Saturday, 27 October 2012

Herons and egrets in Extremadura

This is shaping up to be a good autumn as far as the weather is concerned here in Extremadura, with plenty of rain so far this month. The landscape is looking magnificently green. The gorgeous little bulb, Narcissus serotinus is in flower on the plains, putting forward a wonderful, if ephemeral, show. At last the Common Cranes are arriving too, rather later than usual this year. Four days ago I visit the crane reserve at Moheda Alta, where there were 77 (yes, I counted them all) Common Cranes feeding on the rice stubble fields, and just a few hours later that number had increased to over 300 as parties arrived through the morning.

During the week I picked up my copy of the study published by the Spanish Ornithological Society  (Garrido, J. R., Molina, B. & Del Morel, J. C. (Eds) 2012. Las garzas en España, población reproductora e invernante en 2010-2011 y método de censo. SEO/BirdLife. Madrid) on the census of breeding and wintering herons and egrets that took place in 2010 and 2011. It is fascinating reading.  In the popular imagination, Extremadura is not famous as a region of wetlands in Spain, yet it comes in second place (after Andalucia) in terms of importance for wintering herons and egrets and third in terms of breeding pairs and number of colonies. Of course, Extremadura has an extensive zone of irrigated land, the second largest rice-growing area in Spain, many reservoirs and is crossed by two of the peninsula's largest rivers, the Tajo (Tagus) and Guadiana. The latter especially is important for breeding herons with its belts of fringing vegetation and wooded islands. The popular birding spot of Arrocampo is entirely man-made: a reservoir built to provide cooling water for the nuclear power station at Almaráz. Its constant water-level and reedbeds make it excellent for breeding herons and egrets, with no fewer than nine species nesting this year, including Extremadura's first Great Bitterns.

As a family, the distribution of many of these species has been increasing across Europe. Little Egrets are now common in many parts of Britain, whereas thirty years ago they were real rarities, In Spain, the Great White Egret (see John  Hawkin's photo at top of post) first bred in 1997 in the Ebro Delta, spreading across from eastern Europe. Although according to this recent census the population is still small (53 pairs) it is now nesting in five regions of Spain, including Extremadura where there were two pairs at Arrocampo. However, there were almost 1,500 counted during the winter 2010/11 and indeed one can expect to see the species on almost every visit to lowland rivers, rice cultivations and reservoirs with emergent vegetation. Many of these are wintering birds from central Europe, but each spring more and more remain, initially as non-breeding stayers-on....the species was present in the spring in Arrocampo for several years before breeding was proven. So in all likelihood, the breeding population is likely to increase significantly.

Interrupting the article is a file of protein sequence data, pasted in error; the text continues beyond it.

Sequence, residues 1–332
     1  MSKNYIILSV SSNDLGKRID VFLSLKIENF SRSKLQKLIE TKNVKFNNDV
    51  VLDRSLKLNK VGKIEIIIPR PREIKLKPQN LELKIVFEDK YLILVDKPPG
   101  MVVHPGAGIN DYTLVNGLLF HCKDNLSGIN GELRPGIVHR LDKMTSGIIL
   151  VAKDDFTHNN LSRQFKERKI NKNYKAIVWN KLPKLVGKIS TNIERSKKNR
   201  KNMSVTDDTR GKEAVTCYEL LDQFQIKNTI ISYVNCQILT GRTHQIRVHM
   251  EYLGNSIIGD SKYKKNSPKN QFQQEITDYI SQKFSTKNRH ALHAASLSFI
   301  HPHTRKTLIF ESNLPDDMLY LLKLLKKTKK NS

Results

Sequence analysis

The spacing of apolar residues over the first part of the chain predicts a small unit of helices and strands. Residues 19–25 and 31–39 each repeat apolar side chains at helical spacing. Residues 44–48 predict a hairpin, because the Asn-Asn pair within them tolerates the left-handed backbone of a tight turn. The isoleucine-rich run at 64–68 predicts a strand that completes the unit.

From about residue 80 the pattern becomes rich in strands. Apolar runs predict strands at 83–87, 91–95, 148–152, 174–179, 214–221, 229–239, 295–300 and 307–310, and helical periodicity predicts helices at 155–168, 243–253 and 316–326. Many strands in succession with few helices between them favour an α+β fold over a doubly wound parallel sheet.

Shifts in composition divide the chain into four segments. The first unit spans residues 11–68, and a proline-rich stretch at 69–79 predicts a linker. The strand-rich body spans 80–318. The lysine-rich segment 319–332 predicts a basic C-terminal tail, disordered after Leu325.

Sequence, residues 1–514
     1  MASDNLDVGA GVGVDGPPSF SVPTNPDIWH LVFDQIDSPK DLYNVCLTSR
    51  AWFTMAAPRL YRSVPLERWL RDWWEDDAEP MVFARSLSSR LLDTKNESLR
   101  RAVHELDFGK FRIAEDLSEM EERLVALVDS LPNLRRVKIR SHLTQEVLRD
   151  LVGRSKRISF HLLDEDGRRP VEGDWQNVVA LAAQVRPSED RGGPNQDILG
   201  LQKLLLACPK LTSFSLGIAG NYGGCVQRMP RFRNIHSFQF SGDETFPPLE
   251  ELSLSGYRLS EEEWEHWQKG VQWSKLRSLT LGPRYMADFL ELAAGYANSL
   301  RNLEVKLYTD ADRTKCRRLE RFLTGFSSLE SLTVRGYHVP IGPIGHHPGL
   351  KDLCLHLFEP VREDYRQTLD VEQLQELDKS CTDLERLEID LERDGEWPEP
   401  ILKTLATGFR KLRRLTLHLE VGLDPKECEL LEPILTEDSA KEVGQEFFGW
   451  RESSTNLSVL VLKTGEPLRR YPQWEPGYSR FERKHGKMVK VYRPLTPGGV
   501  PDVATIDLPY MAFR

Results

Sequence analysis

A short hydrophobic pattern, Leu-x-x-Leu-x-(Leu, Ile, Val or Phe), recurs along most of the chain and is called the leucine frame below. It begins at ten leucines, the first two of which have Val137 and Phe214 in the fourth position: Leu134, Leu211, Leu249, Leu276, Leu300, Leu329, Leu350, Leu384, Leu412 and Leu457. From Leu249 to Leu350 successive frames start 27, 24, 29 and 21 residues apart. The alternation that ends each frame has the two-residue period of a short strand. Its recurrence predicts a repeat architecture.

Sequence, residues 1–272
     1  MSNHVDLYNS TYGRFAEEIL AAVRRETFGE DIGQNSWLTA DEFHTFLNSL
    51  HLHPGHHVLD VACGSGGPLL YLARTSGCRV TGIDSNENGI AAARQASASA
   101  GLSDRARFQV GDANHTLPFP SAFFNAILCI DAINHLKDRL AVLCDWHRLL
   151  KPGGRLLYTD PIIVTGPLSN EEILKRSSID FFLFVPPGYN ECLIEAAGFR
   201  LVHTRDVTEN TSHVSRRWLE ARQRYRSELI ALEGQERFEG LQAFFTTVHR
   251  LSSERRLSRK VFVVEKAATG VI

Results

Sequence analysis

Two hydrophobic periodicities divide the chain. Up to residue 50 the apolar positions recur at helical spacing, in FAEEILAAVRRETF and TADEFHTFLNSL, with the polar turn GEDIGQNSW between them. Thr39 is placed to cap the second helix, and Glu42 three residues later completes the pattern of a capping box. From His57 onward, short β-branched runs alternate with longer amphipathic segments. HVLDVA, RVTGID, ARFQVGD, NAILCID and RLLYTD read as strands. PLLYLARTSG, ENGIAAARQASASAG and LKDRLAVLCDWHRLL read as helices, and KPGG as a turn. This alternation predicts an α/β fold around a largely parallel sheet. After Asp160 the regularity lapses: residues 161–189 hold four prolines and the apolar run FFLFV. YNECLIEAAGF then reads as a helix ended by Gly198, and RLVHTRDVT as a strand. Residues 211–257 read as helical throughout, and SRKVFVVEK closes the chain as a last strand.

Most of the species surveyed have shown increases in Spain, especially Black-crowned Night Heron (from 1,313 pairs in 1986 to over 5,300 pairs in 2011), Squacco Heron (from 200 pairs in 1980 to about 2,000 pairs in 2011), Grey Heron (168 pairs in 1950 to more than 7,000 pairs in 2011) and Purple Heron (from about 2,000 pairs in the years 1997-2003 to more than 5,000 pairs today). There have also been recent increases in Spoonbill, Great Bittern and Glossy Ibis populations. The only declines have been with Little Egret (with a small drop over the last ten years) and Cattle Egret, with a fall from 70,000 pairs in 1989 to 40,000 in 2011. The latter was a species that had expanded greatly during the last century and whose population also fluctuates locally depending on the suitability of breeding conditions. Researchers have suggested that such species that have shown a rapid expansion will sometimes then show a decline population as the population consolidates and then stabilises. We shall see.